Trying to Fit
What do you do when you feel like you just don’t fit in with the society you live in? Since the beginning of time blacks women, have been recognized as women who don’t fit the traditional ideal of beauty. A woman of color comes in all different shades of skin tones Caramel, Golden bronze, Cocoa brown and Dark brown. Their hair comes in a quite few different textures, from tight as a thick rubber band, to curls about thick as your pinky finger. Most people describe black women natural afro textured hair as kinky, spiraled, fizzy or nappy. During the slavery-era to the early 1900’s black women in America, went from cornrows, braids and other natural styles. Some reasons for this as I grow up getting perms known as straight hair was a sign of class and Nappy hair was a sign that you were poor. With segregation no longer being an issue, blacks were now free to work their way up in American society, but they still faced white racism. Whites’ people saw black people skin features as a sign that one is given to being sexual active, violence and lacking in intelligence. Many blacks lightened their skin and straightened their hair to appear more acceptable to whites in order to get ahead. When it comes to black women television shows, show how society should be in the eyes of T.V. and its monkey see monkey do from there.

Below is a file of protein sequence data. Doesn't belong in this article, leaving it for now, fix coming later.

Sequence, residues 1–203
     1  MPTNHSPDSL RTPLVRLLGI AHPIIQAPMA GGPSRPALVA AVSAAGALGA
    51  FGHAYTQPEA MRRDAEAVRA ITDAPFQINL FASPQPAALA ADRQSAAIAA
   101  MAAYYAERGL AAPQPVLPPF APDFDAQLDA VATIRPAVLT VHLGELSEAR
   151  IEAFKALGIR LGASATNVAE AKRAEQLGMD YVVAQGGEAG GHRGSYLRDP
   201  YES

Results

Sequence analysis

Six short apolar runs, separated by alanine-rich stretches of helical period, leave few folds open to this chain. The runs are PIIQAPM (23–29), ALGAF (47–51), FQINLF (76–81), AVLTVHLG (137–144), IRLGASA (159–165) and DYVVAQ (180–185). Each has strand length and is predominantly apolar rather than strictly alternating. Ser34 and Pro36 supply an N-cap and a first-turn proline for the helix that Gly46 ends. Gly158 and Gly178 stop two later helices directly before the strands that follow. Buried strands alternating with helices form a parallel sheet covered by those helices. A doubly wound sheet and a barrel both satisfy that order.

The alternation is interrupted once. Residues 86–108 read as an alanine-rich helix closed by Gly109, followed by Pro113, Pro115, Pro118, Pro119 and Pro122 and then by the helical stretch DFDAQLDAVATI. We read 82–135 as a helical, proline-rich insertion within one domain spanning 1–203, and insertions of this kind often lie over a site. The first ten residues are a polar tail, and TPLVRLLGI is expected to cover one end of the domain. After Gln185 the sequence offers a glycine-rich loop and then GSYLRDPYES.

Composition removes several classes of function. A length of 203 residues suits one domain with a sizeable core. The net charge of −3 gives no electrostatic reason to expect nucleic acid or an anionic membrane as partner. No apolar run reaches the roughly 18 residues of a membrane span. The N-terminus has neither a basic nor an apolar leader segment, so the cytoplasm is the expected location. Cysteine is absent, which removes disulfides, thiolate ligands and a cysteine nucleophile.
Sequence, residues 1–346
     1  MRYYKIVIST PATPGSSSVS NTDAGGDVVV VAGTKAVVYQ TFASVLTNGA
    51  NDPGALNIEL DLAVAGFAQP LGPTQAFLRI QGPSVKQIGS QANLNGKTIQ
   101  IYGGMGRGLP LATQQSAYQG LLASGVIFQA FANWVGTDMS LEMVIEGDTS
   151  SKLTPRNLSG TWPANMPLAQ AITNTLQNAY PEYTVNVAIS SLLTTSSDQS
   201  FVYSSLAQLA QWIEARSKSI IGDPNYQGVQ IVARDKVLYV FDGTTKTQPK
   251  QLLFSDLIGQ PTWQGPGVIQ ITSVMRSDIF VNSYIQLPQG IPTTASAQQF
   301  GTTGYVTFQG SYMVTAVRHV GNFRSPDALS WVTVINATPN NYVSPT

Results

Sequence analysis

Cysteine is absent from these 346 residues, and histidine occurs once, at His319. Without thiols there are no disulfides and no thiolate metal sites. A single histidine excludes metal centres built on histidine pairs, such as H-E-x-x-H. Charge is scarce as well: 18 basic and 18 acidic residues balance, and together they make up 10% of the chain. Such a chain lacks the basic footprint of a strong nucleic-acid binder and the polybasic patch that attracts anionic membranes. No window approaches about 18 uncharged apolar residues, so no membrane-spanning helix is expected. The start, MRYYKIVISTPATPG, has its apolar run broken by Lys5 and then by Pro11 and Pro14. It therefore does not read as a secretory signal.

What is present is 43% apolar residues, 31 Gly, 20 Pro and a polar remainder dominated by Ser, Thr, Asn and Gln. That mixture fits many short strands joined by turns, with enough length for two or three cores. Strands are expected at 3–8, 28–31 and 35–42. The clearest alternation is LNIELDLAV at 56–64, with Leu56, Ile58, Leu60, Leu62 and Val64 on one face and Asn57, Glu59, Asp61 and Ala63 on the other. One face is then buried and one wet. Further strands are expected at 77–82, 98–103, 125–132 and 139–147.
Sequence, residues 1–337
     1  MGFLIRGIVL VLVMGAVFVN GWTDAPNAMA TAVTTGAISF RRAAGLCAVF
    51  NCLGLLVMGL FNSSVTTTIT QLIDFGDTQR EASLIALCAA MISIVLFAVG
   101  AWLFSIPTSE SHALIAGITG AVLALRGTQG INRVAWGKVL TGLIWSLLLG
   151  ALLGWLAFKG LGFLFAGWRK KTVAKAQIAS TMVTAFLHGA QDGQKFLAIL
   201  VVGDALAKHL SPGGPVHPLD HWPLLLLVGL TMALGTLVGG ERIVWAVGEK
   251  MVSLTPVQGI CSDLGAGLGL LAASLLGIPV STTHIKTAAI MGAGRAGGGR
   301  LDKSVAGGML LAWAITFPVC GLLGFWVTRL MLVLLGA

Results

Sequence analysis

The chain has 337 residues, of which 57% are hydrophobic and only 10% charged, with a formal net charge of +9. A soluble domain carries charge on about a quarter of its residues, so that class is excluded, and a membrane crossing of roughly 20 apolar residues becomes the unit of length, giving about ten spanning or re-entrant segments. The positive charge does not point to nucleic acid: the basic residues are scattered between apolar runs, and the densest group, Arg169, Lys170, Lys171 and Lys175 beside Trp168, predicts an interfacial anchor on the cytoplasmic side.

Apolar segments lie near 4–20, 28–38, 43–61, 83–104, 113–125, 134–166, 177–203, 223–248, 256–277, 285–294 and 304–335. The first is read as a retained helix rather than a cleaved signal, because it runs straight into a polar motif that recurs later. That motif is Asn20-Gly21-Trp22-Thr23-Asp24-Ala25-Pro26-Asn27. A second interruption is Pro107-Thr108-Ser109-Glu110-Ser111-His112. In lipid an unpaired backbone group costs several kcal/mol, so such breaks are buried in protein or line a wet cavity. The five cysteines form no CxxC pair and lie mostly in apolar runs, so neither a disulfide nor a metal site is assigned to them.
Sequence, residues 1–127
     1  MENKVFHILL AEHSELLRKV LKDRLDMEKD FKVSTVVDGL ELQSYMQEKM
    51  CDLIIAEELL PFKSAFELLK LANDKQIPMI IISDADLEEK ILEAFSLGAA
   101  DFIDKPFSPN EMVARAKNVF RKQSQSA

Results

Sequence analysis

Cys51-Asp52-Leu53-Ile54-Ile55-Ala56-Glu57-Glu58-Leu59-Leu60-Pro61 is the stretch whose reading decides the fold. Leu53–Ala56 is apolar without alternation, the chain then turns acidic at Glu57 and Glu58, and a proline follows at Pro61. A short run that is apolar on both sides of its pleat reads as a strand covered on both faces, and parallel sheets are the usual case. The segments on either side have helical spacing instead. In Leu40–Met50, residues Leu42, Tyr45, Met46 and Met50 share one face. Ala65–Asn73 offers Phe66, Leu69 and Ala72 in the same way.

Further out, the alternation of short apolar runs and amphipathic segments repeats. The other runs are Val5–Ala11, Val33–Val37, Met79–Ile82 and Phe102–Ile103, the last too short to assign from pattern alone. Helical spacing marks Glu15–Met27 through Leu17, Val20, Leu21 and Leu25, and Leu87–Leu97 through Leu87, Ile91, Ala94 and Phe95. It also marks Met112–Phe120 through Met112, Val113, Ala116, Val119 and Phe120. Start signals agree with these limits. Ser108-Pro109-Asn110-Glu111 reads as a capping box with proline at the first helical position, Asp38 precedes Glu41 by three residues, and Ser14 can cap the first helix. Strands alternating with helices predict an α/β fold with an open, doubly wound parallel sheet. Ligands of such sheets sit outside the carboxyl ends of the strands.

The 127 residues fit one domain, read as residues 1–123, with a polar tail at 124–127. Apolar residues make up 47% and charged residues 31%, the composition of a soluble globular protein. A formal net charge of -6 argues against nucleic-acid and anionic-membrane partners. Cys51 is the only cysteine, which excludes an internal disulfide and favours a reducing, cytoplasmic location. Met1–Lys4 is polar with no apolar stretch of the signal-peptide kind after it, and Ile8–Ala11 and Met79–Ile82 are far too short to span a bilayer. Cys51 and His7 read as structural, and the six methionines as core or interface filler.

Black women have been villianized on television. They are portrayed as home wreakers and baby momma with several different dads or the lowest standard. If you ever see a successful man on television he is not allowed to be portrayed with a black woman. If you watch a music video, the star of the video will not be shown with a black woman with clothes covering her body. The media would not like to high light the qualities of black women because the executives behind the scenes aren’t black men. The goal is to make white women appear to be the best and highest quality of woman that Barbie. For this reason you will see interracial relationships between every celebrity athlete and the not a black woman of their choice. At this point a white woman on your arm represents she is super smart and very successful.